SpaceX CEO Elon Musk has published a paper detailing his plans to create a Mars colony using a new super rocket, the Interplanetary Transport Ship. The plan is, putting it mildly, breathtaking, involving a rocket with twice the lift capacity of the Saturn V. The goal is to reduce the cost of a one-way trip to Mars to $200,000 to as little as $100,000 for a person plus his or her baggage. The ITP would be able to take 100 people across the interplanetary gulfs at a time.

A fleet of 1,000 ships taking 10,000 trips to Mars

Elon Musk’s vision involves building 1,000 of the Interplanetary Transport Ships that would ultimately take 10,000 voyages to and from Mars over 50 to 100 years.

The ITPs would be reusable, capable of landing and taking off on Earth and Mars and would be powered by a Raptor rocket engine that burns liquid oxygen and methane. The latter is essential as methane would be manufactured on Mars to refuel the ships for their return trips to Earth. The spacecraft would also be capable of being refueled in low Earth orbit before blasting its way out toward Mars. Musk hopes that he will be able to get the colony started in as little as ten years.

Some unanswered questions

The major issue that is not answered in Musk’s paper is how much will the cost be to develop that fleet of Interplanetary Transport Ships. Just on cursory examination, the amount of money that the project would take is likely to dwarf any previous space project, including the Apollo program.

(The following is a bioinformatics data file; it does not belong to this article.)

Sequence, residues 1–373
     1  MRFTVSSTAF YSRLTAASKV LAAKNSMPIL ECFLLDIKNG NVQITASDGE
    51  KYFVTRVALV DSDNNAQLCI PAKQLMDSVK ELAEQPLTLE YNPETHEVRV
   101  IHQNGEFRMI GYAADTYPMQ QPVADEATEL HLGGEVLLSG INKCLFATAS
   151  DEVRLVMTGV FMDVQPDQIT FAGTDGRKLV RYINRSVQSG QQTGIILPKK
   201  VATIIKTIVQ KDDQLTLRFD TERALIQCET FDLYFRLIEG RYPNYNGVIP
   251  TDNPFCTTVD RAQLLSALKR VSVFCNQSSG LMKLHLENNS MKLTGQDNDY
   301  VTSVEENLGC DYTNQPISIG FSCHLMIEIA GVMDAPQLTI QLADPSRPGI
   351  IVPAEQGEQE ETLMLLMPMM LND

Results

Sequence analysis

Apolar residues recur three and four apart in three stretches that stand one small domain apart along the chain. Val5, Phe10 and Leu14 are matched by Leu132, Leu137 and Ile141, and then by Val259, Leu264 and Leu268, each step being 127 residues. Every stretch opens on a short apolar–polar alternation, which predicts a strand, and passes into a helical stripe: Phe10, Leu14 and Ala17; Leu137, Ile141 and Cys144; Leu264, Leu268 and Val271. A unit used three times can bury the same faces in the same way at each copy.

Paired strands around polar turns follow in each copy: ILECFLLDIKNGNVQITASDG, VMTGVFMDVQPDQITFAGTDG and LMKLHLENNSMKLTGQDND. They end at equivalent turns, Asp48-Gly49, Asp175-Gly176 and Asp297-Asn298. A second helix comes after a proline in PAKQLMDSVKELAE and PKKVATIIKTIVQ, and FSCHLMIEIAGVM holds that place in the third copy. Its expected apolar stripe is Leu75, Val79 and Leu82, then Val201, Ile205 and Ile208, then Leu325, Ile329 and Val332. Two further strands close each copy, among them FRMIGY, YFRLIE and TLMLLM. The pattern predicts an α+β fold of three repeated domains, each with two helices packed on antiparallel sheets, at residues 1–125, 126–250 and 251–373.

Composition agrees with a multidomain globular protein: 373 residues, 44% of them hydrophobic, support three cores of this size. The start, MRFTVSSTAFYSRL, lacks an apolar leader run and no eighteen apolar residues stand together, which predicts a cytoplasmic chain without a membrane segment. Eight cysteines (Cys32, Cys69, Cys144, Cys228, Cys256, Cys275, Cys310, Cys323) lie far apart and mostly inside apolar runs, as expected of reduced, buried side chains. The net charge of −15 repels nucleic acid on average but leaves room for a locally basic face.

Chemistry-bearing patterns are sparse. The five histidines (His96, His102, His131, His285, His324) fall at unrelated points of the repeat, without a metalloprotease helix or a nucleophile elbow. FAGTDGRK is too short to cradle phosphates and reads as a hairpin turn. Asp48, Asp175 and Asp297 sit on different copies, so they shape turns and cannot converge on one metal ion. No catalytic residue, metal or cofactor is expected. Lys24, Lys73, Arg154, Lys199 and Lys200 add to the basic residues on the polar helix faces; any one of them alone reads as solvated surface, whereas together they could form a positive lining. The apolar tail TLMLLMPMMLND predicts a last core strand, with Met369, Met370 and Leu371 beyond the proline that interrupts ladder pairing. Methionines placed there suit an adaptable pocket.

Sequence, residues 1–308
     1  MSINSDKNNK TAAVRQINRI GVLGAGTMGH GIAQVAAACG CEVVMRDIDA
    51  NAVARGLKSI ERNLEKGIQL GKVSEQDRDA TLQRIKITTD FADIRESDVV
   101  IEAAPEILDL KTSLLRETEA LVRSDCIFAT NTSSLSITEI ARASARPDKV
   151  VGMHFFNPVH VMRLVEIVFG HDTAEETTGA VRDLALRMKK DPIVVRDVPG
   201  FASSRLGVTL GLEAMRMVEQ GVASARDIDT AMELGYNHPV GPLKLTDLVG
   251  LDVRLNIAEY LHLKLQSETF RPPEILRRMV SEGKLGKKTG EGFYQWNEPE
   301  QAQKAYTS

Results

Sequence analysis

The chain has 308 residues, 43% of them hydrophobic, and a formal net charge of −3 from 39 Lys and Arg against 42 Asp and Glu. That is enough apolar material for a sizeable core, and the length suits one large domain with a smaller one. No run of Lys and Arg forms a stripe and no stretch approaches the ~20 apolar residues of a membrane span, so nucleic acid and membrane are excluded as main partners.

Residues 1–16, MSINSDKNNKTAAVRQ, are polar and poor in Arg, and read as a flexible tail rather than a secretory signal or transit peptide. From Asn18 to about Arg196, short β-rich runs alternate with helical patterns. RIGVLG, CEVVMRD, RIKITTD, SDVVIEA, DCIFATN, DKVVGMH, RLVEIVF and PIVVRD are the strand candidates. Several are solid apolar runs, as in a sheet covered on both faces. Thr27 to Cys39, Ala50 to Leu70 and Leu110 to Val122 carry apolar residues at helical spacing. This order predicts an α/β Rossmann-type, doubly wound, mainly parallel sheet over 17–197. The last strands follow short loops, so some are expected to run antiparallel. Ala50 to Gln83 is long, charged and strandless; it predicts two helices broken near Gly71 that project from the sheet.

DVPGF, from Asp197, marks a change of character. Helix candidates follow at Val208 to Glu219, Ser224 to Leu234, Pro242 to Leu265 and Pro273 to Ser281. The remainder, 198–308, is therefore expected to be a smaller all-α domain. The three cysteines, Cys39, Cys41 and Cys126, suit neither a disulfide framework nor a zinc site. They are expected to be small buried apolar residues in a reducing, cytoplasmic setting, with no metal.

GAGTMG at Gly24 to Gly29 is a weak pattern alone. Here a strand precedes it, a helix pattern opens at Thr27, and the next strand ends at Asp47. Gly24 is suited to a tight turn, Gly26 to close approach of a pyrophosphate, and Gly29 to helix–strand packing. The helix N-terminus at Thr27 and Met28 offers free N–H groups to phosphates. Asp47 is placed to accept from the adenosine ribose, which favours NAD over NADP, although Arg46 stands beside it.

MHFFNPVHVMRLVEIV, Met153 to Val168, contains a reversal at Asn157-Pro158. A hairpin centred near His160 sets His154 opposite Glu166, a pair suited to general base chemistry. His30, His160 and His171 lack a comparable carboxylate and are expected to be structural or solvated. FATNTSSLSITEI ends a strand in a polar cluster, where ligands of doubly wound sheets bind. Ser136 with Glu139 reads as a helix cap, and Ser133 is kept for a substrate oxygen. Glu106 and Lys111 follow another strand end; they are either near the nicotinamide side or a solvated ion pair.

Musk does not reveal where he intends to get the money to build his Mars colony fleet.

The other big question is how the Mars colonists are going to survive once they arrive at the Red Planet. Musk does not reveal any details about how the colony, which he eventually envisions as a city of a million people, will be built, how it will sustain itself and its inhabitants, and, most importantly, what will be the economic rationale of the colony.

What will the Mars colonists do to justify the cost of transporting them across interplanetary space and keeping them alive in an environment harsher than anything found on Earth?

A multi-planet species

Musk waxes eloquently about making humankind a multi-planetary species. The case is a good one, considering that an extinction level event like an asteroid strike could wipe out the human race in one blow.

Mars could also be a destination for people yearning to make a better life for themselves than they could on Earth. But a Mars colony has to sustain itself economically for it to be viable in the long term.